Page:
This time should be used to “work on yourself individually” as well as the relationship, with a marriage therapist, she said.
Things to Consider About Divorce
“In most states, couples will just file for divorce, get a temporary agreement or order into place during the pendency of the divorce, then just sit on the case until they either decide to reconcile or follow through,” Burris said.
Many states also have lengthy waiting periods, which can make it easier to put the divorce on hold.
Once you have made your final decision, try to stick with it, advised Lewandowski. “Going back and forth ultimately prolongs the misery.”
Whatever you choose, keep in mind the impact on your mental health and on any children. The American Psychological Association explains: “Divorce may significantly influence well-being, with many individuals experiencing depression, loneliness and isolation, self-esteem difficulties, or other psychological distress.
“Parental divorce has also been shown to have negative consequences on the psychosocial adjustment of children and adolescents.”
In cases of physical, emotional or economic abuse, you might need to move quickly to divorce, Feuerman said. In these situations, it could be dangerous to separate because “it gives the abusive partner preparatory time to retaliate or undermine your safety.”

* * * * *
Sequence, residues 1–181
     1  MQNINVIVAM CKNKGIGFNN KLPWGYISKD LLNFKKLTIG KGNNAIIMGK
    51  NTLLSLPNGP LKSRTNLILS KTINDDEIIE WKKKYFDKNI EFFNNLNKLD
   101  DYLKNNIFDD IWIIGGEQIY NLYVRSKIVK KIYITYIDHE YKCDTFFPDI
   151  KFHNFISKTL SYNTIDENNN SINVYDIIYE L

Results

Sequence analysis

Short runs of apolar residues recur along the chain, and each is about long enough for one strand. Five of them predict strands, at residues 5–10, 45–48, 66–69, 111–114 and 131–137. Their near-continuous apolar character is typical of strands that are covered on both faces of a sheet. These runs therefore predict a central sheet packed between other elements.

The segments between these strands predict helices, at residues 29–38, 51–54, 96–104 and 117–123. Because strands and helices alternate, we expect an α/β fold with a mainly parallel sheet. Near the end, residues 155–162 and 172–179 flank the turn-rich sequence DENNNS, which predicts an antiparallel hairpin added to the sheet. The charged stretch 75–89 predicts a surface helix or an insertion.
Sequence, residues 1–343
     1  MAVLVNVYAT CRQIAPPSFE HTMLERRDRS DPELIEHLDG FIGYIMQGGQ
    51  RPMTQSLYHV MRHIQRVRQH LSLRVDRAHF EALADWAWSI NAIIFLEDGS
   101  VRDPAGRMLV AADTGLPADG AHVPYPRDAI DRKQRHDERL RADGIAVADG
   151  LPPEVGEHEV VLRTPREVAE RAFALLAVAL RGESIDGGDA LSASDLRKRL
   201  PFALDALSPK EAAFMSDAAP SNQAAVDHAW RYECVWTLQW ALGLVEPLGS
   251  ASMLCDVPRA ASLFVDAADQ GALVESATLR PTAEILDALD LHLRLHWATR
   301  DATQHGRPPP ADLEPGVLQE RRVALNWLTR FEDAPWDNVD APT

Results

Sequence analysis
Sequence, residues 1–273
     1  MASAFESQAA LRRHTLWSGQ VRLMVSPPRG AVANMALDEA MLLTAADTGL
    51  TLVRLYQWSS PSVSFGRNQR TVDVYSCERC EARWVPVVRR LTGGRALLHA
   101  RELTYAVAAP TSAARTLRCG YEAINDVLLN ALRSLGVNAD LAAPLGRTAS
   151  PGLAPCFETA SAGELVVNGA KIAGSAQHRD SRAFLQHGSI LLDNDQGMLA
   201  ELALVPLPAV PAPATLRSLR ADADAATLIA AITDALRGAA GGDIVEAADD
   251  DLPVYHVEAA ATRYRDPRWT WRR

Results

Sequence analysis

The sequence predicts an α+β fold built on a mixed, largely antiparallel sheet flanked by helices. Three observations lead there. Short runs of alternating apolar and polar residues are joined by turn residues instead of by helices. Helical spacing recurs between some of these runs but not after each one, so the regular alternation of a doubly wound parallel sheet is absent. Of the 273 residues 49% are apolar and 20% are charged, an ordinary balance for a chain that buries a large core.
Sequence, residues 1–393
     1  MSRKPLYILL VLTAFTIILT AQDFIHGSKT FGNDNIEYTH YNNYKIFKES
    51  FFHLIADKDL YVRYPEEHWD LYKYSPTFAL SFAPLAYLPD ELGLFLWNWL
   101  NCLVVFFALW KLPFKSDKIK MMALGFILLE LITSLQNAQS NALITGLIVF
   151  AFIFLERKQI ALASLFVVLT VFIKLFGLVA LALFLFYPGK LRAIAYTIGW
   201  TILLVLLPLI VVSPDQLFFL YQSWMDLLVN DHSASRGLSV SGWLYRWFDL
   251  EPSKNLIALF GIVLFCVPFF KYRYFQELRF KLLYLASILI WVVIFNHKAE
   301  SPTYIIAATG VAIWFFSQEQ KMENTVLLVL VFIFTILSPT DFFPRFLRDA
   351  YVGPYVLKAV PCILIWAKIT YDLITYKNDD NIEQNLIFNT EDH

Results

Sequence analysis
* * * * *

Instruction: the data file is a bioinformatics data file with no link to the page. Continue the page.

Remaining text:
Guidance on leaving abusive relationships can be found at the National Domestic Violence Hotline website thehotline.org.
Things to Consider for Both Scenarios
For many couples, it doesn’t make sense to get both a legal separation and then a divorce, “because the divorce will usually cover all of the things a legal separation covers,” Burris said.
She added: “If you’re 90 percent of the way to a divorce, and have already negotiated all these different aspects, and then decide to reconcile—you can still do that right up until the point you sign the final documents.”
Whatever happens, you should be setting “personal goals for change” based on what you might be doing to contribute to the marital conflict, said Feuerman.
“I always tell people you can’t divorce yourself—and the divorce rate for subsequent marriages is even worse because people do not do their own work around this.”